True face of Gujarat Riots
The author is a young though proven and fearless journalist who posed as a filmmaker from the US to go undercover and interview the state’s top bureaucrats and police officials, both serving and retired, to prove for the first time on tape what was otherwise widely known that the 2002 bloodbath was an orchestrated disaster.
Taking the identity of a Maithili Tyagi, independent filmmaker from the American Film Institute Conservatory, Rana Ayyub, then 26, set out with generous help from a young French male student (she needed a firang, gora face to add to her credentials), in 2010-2011 to befriend Gujaratis who would introduce her to people in power as she was supposedly making a movie on Gujarat.
Her only other companions were her hidden cameras and a put-on accent. Not realising they were talking to a Tehelka journalist, everyone opened up and the result is this gripping Gujarat Files.
G L Singhal, who headed the Gujarat ATS, told Rana Ayyub/Maithili Tyagi that all ministers in Gujarat were “rubber stamps” and all key decisions were taken by CM Modi, who does not come in the picture directly. He gives orders to bureaucrats. According to Singhal, “riots huey, Muslims ko maara, benefit liya.” (Riots took place, Muslims were killed, people benefitted.)
Rajan Priyadarshi, another ex-ATS chief who was not allowed to become the Director General of Police because he was not considered pliable, had far more harsher things to say about Modi and then Gujarat Home Minister Amit Shah.
Priyadarshi – who claimed the Gujarat government was “communal and corrupt” – said he was once asked to kill a man in custody but he refused.
According to him, Ishrat Jehan was kept in illegal custody before she was killed in cold blood in June 2004 after being dubbed a terrorist out to kill Modi. Then Home Secretary Ashok Narayan recalled that several Gujarat ministers “were standing on the roads and inciting the crowds” during the 2002 riots and that top politicians got things done through “agents and agents and agents”.
G C Raigar, who headed the Police Intelligence in 2002 and was later the Director General, accused Modi of reaping political benefit from the riots and “he is what he is today because of the riots”. He made it clear that he and some other officers refused to take illegal orders from Amit Shah.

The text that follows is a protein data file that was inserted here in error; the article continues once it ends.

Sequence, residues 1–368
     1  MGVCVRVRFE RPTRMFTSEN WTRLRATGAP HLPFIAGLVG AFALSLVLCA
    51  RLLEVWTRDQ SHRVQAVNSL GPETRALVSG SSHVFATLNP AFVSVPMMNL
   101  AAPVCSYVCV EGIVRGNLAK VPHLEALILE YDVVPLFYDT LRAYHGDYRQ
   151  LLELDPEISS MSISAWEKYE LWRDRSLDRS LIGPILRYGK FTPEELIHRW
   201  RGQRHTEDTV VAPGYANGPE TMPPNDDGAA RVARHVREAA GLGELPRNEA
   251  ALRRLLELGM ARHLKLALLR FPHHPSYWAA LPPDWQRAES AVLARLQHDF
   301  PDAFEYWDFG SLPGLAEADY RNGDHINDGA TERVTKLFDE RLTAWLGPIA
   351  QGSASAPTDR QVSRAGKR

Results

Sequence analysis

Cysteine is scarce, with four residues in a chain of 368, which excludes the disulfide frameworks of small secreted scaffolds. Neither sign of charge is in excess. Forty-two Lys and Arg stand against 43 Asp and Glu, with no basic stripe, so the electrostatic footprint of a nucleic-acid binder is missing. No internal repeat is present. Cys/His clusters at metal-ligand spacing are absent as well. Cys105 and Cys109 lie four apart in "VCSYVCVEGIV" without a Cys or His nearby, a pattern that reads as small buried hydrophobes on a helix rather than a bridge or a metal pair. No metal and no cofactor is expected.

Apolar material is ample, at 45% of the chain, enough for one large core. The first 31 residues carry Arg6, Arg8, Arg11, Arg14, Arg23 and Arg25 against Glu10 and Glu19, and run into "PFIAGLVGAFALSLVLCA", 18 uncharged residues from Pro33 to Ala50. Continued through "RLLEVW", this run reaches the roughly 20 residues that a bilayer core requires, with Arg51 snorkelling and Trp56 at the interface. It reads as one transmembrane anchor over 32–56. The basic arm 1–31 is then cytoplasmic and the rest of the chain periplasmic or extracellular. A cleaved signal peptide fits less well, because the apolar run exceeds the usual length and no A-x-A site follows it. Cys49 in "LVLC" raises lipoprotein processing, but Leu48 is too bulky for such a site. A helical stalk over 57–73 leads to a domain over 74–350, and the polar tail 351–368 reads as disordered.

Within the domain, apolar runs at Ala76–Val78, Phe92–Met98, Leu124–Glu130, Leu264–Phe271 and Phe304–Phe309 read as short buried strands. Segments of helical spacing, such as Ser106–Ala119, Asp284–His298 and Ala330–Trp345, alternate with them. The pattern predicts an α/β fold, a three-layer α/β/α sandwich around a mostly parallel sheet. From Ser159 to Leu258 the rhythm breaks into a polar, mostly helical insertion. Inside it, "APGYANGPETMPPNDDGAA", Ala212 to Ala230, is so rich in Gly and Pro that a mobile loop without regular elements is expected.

Former Ahmedabad Police Commissioner P C Pande, who was widely considered close to Modi, said “encounters” were like “murders” and he was opposed to them personally “but at times it becomes necessary.” He too admitted that had the 2002 riots not happened, Modi “would not have been known internationally”.
There, Rana Ayyub says, they “developed amnesia”. But because they did not know who they were talking to, they told “Maithili Tyagi” what they otherwise would have never coughed up. Jagruti Pandya, wife of slain former minister Harren Pandya, was the only one to whom Ayyub confessed her who she was. “Aap Mohammedan ho,” a stunned Jagruti asked the author, embarrassed that she had used uncharitable expressions about Muslims earlier.
Once she finished the Gujarat sting, the author realised that Tehelka was not ready to publish what she had uncovered, because the editors felt that Modi was set to become the prime minister soon and “if we touch him we will be finished”. “I have remained silent since. Till now”, Ayyub said.
This book is the ultimate in investigative journalism. One has to salute Ayyub for taking extraordinary risks. When she launched the book, she revealed that no publisher was willing to publish it; and so she decided to self-publish it. If Pulitzer had a prize for courageous journalism overseas, she would undoubtedly get it.